Kumari, honored as the living goddess of Nepal, resides as an integral part of culture and divinity among the young prepubescent girls, which definitely is another charismatic side of Nepal.
The girl of Shakya Kul, having each of 32 qualities ( Batis Lakshyan), is appointed as “The Chosen One” after a long and complicated process.
Places follow the Kumari tradition with Newas indigenous settlements, i.e., Bhaktapur, Lalitpur, Kathmandu, Sankhu, and Bungamati. A separate and unique kind of house for Kumari is facilitated, which is called “The Kumari Bahal”.
Legends of Kumari
Kumari is regarded as the human manifestation of the Goddess Taleju. Several tales and legends lead to supporting the belief and advocating how today’s Kumari tradition came into practice.
The Tale of King Jayaprakash Malla
The legend of the last Malla king of Kantipur (Kathmandu), King Jayaprakash Malla, regarding the Kumari tradition is often heard.
According to the tale, Jayaprakash Malla, who had befriended “Taleju Bhawani”, used to play Tripasa (a dice game) with the goddess. She would as promised, visit him every night to play the dice and discuss state affairs.
But, she had her visit only on one condition: that he would never mention her visit to anyone, or else she would stop visiting him. However, one night, the curious queen sees the Goddess playing with the King, which enrages Taleju. She then leaves the palace.
But before departing, she advised the king that he should look for an upper-class Newari girl if he wanted to meet her and have her protect and bless his nation and people.
As she committed to residing with the little girl of the newer community (Shakya Kul) as the reincarnation of Taleju, the girl would then be known as Kumari.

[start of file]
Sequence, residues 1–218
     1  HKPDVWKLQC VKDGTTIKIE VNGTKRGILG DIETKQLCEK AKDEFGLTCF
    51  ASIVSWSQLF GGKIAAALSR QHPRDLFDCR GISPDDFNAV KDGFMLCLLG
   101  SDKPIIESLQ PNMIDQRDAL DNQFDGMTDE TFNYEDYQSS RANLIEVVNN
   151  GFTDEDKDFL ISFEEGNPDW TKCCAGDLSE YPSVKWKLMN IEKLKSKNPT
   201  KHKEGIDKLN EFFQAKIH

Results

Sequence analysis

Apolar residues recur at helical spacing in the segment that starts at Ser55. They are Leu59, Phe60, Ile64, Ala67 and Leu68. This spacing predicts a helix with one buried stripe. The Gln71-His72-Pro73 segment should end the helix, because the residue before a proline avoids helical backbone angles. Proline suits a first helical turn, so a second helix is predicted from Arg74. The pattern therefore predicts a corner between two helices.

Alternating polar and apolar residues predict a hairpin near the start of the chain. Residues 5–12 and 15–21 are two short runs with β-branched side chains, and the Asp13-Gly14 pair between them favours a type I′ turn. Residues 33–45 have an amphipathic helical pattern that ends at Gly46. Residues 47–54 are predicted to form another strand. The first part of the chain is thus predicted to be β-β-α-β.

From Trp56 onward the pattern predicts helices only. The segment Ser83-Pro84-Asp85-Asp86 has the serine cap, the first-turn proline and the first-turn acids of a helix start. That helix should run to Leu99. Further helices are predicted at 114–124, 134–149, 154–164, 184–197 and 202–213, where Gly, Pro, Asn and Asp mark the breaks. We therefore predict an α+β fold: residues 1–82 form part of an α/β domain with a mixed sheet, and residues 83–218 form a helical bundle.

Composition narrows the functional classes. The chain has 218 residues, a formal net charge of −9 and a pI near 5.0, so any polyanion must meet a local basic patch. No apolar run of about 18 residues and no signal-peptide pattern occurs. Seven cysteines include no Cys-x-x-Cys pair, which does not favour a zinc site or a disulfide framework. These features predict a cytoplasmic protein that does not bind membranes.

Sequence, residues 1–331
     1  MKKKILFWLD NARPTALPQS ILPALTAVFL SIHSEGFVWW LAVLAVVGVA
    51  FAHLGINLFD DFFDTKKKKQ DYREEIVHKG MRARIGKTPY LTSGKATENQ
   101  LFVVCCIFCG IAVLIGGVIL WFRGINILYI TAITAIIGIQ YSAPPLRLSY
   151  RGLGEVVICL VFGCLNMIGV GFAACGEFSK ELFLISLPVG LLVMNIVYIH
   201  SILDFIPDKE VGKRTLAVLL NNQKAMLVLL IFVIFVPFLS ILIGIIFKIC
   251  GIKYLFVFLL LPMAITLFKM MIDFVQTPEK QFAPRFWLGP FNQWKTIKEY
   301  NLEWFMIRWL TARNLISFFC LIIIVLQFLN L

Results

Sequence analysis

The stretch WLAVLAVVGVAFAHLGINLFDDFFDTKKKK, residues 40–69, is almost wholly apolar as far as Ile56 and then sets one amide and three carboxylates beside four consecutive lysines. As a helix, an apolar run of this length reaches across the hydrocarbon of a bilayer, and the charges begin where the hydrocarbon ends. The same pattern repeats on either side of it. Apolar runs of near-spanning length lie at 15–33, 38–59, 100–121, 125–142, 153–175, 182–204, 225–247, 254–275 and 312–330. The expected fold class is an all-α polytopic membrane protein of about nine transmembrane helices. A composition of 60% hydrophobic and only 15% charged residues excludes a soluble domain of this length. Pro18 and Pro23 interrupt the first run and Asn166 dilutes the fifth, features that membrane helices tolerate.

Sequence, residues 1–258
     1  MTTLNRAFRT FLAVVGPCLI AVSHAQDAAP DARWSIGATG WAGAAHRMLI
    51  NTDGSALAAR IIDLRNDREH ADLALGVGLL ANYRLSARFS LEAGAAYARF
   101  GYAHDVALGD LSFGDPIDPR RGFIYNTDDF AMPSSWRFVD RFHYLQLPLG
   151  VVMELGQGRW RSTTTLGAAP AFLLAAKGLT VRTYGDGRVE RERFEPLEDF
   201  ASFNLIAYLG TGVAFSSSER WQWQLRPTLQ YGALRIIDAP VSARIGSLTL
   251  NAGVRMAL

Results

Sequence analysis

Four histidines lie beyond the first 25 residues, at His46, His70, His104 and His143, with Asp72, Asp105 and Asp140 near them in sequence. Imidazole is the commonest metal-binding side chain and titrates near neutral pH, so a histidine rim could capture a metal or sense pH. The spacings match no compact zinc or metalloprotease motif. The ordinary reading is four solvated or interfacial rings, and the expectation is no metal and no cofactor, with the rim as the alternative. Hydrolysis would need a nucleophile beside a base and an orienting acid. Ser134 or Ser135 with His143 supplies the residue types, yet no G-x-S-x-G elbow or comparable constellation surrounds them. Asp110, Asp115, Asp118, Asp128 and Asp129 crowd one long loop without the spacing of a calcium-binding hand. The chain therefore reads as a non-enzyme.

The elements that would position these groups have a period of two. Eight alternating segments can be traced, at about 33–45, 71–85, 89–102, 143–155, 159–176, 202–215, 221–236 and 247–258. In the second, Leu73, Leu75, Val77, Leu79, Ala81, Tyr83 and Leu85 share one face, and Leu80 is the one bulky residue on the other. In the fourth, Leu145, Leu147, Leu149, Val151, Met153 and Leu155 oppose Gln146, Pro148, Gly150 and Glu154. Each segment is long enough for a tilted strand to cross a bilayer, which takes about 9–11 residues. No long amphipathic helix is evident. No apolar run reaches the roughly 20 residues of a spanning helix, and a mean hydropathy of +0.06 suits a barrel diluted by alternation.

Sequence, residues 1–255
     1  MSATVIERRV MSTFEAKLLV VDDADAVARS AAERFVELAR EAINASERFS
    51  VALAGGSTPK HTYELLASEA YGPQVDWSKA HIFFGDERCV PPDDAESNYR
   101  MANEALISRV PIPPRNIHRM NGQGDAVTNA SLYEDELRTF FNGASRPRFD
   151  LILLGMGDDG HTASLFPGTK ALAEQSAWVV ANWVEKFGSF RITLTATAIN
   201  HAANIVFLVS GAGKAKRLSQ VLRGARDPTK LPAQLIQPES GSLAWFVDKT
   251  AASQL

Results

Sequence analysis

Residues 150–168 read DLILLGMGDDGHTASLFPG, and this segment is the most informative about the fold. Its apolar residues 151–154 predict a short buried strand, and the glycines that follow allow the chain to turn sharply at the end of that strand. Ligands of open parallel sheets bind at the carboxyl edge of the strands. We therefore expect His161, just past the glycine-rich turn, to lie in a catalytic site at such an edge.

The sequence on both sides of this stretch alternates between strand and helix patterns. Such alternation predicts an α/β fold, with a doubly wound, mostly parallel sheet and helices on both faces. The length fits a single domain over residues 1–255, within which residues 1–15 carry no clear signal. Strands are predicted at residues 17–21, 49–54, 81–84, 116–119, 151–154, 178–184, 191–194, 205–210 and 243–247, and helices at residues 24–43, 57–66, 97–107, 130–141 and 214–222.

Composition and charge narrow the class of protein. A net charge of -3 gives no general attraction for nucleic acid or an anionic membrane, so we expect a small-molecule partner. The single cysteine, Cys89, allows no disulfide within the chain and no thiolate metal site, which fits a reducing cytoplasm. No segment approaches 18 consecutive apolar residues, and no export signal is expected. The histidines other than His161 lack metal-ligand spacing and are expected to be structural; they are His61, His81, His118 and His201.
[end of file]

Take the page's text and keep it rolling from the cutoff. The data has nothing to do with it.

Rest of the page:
The tale associated with Trilokya Malla
Similar to the story above, the goddess Taleju visited the then King Trilokya Malla every night in human form and they played the dice game known as Tripasa in this story too while talking about the state of the nation and the welfare of its citizens.
One day, the king somehow displayed a lustful urge toward the Goddess, which infuriated her. The Goddess then stormed out of the palace in a rage, never to be seen again.
Soon after, the king, who was now overcome with regret and guilt, began to worship Goddess Taleju and begged for her to come back and bless him. After much persuasion, Taleju finally agreed to return to his home and bestow a blessing on him. But, as a Kumari, a virgin girl of the Shakya community of Newars
She is referred to as “the Kumari” throughout the country of Nepal and is worshipped as the physical manifestation of Taleju, the Malla king’s protector deity.
However, it is believed that as soon as a chosen one gets her womanhood (menstruation), Talejus’s spirit leaves her body and resides in another young girl. As soon as the seat of Kumari is vacant, five seniors of the Buddhist Vajracharya Priest, the Bada Guruju, the priest of Taleju, and the Royal Astrologer search for an eligible girl from the Shakya Cast of Newar Group.
The chosen one has to have “Battish Lakshanas” (Thirty-two perfections of the Goddess) in her.
A Kumari is the embodiment of Goddess Taleju, which symbolizes protection, power, and peace. It is believed that as long as Kumari resides inside the Kingdom of Nepal, the state will be protected by her.
Over time, it has been believed that the Kumari of Kathmandu—the most exceptional and divine of all the Kumaris—has manifested some aspect of the divine power that resides within her.
Chanira Bajrachraya, one of the former Kumaris, in one of her interviews, presented her experience of how she cried for many days before “The Royal Massacre” took place. She believes that some divine power inside her led her to forecast that something evil was about to happen, but sadly, nobody seems to have enough qualifications to decode the divine action.
Visitors when offering her pujas and blessing each kumari are closely watched because her behavior and actions are directly related to devotees’ lives and conditions.
A kumari remains expressionless and remains still most of the time. But if she shows some action and behavior during pujas and worships, the devotees’ lives are considered to be in threat. Even the smile of the Kumari is considered “death and misfortune”.
The divine power of Kumari is believed to be very strong. The young girl, after receiving the divinity, is worshipped even by her parents. She is never disrespected and scolded, even by her parents, for she is now the purest and most powerful figurine of Goddess Taleju herself.